The battle to liberate Mosul from the Islamic State has forced more than a million Iraqis to flee, of which only 220,000 have been able to return home, an intergovernmental organisation reported on Friday.
The International Organisation for Migration said that clashes between armed forces and extremists forced 1,048,044 people to leave their homes during the nearly nine-month offensive. the Efe reported.
Until Friday, the number of displaced was 825,000, given that in the last stage of the battle, IOM recorded an additional displacement of 380,000 Iraqis from the west of Mosul to its east, the organization's spokesman, Joel Millman, said at a press conference.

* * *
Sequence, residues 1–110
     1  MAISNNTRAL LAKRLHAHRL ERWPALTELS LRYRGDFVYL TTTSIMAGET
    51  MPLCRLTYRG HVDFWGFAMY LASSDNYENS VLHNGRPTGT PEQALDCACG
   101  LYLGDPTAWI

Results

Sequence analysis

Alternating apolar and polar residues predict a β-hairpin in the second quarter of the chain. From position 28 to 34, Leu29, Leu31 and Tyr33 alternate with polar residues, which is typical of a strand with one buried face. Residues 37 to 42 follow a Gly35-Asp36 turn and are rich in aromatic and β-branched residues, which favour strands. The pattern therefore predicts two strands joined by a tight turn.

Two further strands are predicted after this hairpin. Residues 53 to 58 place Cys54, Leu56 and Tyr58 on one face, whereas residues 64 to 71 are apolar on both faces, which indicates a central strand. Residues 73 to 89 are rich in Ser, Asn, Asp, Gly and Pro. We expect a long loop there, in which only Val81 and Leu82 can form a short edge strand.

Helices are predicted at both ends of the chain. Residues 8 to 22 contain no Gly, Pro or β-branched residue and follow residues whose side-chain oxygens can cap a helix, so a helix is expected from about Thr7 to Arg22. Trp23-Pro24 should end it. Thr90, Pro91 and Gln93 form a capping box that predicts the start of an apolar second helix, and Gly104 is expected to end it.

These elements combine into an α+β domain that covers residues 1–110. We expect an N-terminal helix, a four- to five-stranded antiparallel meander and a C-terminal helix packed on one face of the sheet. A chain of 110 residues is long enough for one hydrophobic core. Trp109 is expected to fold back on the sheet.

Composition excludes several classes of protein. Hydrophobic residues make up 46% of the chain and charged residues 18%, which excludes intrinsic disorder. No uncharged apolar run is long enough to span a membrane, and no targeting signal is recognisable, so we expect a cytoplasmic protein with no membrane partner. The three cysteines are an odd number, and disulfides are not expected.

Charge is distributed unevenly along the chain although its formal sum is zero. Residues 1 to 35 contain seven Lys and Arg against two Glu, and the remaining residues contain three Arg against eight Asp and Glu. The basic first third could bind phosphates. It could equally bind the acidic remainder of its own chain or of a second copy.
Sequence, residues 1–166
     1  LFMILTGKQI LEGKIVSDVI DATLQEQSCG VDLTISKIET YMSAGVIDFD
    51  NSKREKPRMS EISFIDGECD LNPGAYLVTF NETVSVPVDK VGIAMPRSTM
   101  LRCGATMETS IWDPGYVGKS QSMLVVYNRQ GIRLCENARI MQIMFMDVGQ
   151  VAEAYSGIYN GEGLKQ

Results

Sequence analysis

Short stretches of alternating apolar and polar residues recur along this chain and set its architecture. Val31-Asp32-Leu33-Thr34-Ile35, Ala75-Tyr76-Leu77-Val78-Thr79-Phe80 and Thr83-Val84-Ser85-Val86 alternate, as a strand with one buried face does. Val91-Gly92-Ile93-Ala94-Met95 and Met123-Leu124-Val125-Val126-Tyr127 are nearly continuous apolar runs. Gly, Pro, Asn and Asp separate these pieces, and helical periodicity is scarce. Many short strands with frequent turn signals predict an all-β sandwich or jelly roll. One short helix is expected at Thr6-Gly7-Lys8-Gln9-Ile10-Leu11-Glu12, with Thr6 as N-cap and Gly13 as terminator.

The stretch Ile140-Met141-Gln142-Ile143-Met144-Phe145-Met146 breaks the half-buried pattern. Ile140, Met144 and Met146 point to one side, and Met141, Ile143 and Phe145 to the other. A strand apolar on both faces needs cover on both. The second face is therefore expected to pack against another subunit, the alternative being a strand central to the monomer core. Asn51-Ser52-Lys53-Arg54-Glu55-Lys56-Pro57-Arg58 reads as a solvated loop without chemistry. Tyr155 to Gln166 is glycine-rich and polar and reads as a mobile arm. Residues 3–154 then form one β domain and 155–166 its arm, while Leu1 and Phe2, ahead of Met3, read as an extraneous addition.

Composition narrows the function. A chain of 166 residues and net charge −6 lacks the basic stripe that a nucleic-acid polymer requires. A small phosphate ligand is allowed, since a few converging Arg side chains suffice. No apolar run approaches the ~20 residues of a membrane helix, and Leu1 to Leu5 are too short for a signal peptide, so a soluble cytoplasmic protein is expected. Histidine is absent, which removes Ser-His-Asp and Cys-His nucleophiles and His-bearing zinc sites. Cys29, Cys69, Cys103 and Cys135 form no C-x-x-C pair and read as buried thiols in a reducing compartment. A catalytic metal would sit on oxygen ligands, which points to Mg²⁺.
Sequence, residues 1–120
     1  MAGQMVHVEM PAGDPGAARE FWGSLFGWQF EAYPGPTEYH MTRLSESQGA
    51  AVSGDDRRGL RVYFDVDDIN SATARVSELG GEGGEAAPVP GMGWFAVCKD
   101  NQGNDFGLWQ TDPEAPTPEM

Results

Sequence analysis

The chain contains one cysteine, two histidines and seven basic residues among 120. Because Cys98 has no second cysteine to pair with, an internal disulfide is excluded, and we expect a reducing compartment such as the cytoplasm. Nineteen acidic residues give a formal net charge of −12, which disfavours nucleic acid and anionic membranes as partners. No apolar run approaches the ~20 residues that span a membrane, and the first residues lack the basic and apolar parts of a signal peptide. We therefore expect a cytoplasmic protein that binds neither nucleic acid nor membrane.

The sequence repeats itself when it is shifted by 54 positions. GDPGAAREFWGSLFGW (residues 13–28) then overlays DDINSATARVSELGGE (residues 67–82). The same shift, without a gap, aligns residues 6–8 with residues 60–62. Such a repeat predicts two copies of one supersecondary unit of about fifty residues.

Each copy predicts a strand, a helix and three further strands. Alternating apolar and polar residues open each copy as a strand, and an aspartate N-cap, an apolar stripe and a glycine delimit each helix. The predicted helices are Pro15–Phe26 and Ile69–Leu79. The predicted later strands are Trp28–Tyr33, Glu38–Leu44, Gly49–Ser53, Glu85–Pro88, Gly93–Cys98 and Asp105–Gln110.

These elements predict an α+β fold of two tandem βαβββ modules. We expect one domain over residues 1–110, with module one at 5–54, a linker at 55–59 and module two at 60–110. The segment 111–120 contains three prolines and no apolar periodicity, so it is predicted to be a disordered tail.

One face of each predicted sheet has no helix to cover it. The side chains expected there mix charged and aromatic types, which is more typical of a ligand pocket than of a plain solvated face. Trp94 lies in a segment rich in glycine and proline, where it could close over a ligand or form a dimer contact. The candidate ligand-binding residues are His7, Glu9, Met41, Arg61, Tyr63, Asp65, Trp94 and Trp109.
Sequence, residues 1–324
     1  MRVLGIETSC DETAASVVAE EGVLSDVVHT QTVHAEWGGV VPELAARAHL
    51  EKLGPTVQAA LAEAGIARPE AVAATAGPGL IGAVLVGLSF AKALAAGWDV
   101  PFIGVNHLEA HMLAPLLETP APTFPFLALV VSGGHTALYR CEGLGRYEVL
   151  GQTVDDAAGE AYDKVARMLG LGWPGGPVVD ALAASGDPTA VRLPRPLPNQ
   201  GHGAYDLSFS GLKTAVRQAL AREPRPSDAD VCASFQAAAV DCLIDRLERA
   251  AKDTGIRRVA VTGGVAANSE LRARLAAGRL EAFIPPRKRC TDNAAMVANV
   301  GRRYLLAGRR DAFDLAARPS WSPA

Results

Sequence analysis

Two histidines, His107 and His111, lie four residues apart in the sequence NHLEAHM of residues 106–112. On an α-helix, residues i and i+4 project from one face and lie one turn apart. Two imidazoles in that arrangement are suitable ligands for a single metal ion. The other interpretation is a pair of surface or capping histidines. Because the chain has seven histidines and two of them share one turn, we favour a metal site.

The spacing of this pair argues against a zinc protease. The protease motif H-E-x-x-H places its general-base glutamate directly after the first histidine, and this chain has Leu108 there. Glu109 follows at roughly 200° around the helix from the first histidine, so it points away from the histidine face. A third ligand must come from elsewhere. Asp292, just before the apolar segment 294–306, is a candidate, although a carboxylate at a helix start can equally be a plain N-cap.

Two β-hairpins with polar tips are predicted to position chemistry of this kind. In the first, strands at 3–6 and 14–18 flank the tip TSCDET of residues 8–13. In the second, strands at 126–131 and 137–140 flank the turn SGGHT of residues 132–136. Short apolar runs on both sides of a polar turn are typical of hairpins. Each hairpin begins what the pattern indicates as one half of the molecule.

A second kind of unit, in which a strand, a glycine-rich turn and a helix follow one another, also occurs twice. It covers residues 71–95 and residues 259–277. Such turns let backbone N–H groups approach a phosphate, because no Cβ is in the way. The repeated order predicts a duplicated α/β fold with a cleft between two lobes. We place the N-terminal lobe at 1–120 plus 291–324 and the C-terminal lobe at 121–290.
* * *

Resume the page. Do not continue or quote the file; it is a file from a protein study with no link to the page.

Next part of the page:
The eastern part of Mosul, recovered by Iraqi troops earlier this year, has welcomed many of the new displaced by the fighting, after Iraqi prime minister Haider al-Abadi announced its end four days ago.
About 95 per cent of those still displaced are taking refuge in Nineveh province, whose capital is Mosul, with the hope of returning to their homes when circumstances permit.
According to the IOM, only five per cent of the displaced went to other Iraqi provinces, and more than 220,000 have already been able to return to their homes in the liberated areas of Mosul.
The UN agency gathered information through ongoing visits by its teams to 70 neighbourhoods in eastern Mosul.
The city of Mosul was the main stronghold of the IS, since the group occupied it in June 2014, until its expulsion in July by joint Iraqi forces, in an offensive that began in October 2016.